Daniel James Brown decided to adapt his book after an increasing number of young people told him they loved the story.
A report on this year’s SAT scores just came in, and it’s not pretty.
The SAT Report on College & Career Readiness shows that after two years of decline, the national SAT scores were flat this year.
For the fifth year in a row, the report shows that fewer than half of the students taking the test got “college ready” scores.
James Montoya, vice president of higher education for the College Board — the group that administers the SAT — joins Here & Now to discuss the findings.
JEREMY HOBSON, HOST:
This is HERE AND NOW.
The organization that administers the SAT said today that fewer than half of the people who took the exam this year are ready for college. It's the fifth year in a row for that alarming statistic. Overall, scores were flat, following two years of declines.
Joining us from New York is James Montoya, vice president of higher education for the College Board. And, James, I have to say, it's surprising to me that less than half the students taking the SAT are getting college-ready scores. But this seems to be, as we said, an ongoing problem.
JAMES MONTOYA: Well, it is. This number has remained flat for the last five years and I think really represents a call to action. We need to have more students college-ready because what we know is that those students who are college-ready actually not only enroll in college at a much higher level but complete college within four years. And it's really essential that we keep that number of students graduating each year.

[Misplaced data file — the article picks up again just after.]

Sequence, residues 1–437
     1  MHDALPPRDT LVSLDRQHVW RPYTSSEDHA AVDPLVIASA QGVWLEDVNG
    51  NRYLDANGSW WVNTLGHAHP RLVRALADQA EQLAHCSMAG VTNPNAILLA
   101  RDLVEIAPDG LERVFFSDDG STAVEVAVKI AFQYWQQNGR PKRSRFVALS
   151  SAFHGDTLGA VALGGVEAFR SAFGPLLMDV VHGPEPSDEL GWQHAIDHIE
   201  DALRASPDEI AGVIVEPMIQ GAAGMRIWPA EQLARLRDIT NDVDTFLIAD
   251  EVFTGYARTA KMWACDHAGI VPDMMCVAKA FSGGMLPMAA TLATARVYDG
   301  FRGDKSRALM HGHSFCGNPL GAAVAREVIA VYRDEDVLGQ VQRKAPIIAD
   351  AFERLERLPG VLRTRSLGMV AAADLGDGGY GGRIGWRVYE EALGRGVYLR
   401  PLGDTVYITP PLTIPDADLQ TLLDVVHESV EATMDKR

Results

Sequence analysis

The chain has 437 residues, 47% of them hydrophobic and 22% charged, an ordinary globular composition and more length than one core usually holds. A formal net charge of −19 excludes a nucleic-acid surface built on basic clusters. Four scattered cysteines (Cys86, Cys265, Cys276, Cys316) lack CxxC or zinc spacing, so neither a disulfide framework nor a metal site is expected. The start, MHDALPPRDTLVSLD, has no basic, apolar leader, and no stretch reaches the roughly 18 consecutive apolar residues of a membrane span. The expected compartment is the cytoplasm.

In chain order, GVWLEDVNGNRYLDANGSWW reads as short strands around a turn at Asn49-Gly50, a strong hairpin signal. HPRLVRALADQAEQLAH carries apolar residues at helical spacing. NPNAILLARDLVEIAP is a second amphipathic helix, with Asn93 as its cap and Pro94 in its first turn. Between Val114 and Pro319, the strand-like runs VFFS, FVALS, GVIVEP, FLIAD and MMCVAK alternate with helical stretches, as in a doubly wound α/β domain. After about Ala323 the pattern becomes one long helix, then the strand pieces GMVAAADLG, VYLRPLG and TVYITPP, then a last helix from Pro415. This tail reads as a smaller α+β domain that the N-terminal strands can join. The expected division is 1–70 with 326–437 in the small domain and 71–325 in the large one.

One of the things that I've taken note of, and I think the public should take note of, is that while it is very clear that students who take a core curriculum in high school - and by that I mean four or more years of English, three or more years of math, three or more years of natural sciences and three or more years of social sciences and history - do better on the SAT and more of them meet the college and career benchmark.
But the fact is that of those who complete a secondary school core curriculum, only 49 percent met the benchmark. And this suggests that there must be more rigorous courses in high school and that the core courses themselves need to be more rigorous.
HOBSON: It also suggests, when you look at the year-over-year scores, the averages, that things are getting worse, not better, because if I look at, for example, in critical reading in 2006, the average being 503, and now it's 496. Same deal in math and writing. They've gone down.
MONTOYA: Well, at the same time that we have seen the scores go down, what's very interesting is that we have seen the average GPAs reported going up. So, for example, when we look at SAT test-takers this year, 48 percent reported having a GPA in the A range compared to 45 percent last year, compared to 44 percent in 2011, I think suggesting that there simply has to be more rigor in core courses.
HOBSON: Well, and maybe that there's grade inflation going on.
MONTOYA: Well, clearly, that there is grade inflation. There is no question about that. And it's one of the reasons why standardized test scores are so important in the admission office. I know that, as a former dean of admission, test scores help gauge the meaning of a GPA, particularly given the fact that nearly half of all SAT takers are reporting a GPA in the A range.